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|Title:||An empirical study on the interplay between semantic coupling and co-change of software classes|
|Keywords:||Information retrieval (IR) ·;Co-change;Co-evolution;Clustering;Coupling;Change impact analysis (CIA)|
|Citation:||Empirical Software Engineering, 2018, 23 (3), pp. 1791 - 1825|
|Abstract:||Software systems continuously evolve to accommodate new features and interoperability relationships between artifacts point to increasingly relevant software change impacts. During maintenance, developers must ensure that related entities are updated to be consistent with these changes. Studies in the static change impact analysis domain have identified that a combination of source code and lexical information outperforms using each one when adopted independently. However, the extraction of lexical information and the measure of how loosely or closely related two software artifacts are, considering the semantic information embedded in their comments and identifiers has been carried out using somewhat complex information retrieval (IR) techniques. The interplay between software semantic and change relationship strengths has also not been extensively studied. This work aims to fill both gaps by comparing the effectiveness of measuring semantic coupling of OO software classes using (i) simple identifier based techniques and (ii) the word corpora of the entire classes in a software system. Afterwards, we empirically investigate the interplay between semantic and change coupling. The empirical results show that: (1) identifier based methods have more computational efficiency but cannot always be used interchangeably with corpora-based methods of computing semantic coupling of classes and (2) there is no correlation between semantic and change coupling. Furthermore we found that (3) there is a directional relationship between the two, as over 70% of the semantic dependencies are also linked by change coupling but not vice versa.|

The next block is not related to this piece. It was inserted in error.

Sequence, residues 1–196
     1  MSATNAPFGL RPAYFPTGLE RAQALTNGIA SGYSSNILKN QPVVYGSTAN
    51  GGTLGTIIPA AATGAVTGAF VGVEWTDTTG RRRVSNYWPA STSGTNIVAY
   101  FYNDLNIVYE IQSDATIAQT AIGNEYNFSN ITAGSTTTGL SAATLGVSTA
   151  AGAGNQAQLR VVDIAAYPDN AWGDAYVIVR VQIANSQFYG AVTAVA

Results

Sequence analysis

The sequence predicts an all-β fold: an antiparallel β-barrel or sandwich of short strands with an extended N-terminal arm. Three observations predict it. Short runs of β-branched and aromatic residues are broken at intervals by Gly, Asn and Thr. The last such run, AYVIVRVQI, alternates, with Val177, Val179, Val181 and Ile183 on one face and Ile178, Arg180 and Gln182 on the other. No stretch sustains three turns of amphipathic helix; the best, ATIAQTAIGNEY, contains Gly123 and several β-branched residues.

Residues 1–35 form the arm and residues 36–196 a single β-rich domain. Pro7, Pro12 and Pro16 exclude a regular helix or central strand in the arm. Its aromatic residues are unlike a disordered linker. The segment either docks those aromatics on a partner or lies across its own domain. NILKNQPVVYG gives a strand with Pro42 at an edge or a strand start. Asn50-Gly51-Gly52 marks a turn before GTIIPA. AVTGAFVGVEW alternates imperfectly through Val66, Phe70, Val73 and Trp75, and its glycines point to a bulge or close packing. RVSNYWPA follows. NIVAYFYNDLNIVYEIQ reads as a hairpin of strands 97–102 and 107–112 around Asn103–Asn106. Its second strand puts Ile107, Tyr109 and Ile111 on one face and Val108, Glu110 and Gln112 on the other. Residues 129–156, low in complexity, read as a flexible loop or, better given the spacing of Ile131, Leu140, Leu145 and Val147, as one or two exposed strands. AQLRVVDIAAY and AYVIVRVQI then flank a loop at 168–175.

|Appears in Collections:||Computer Science|
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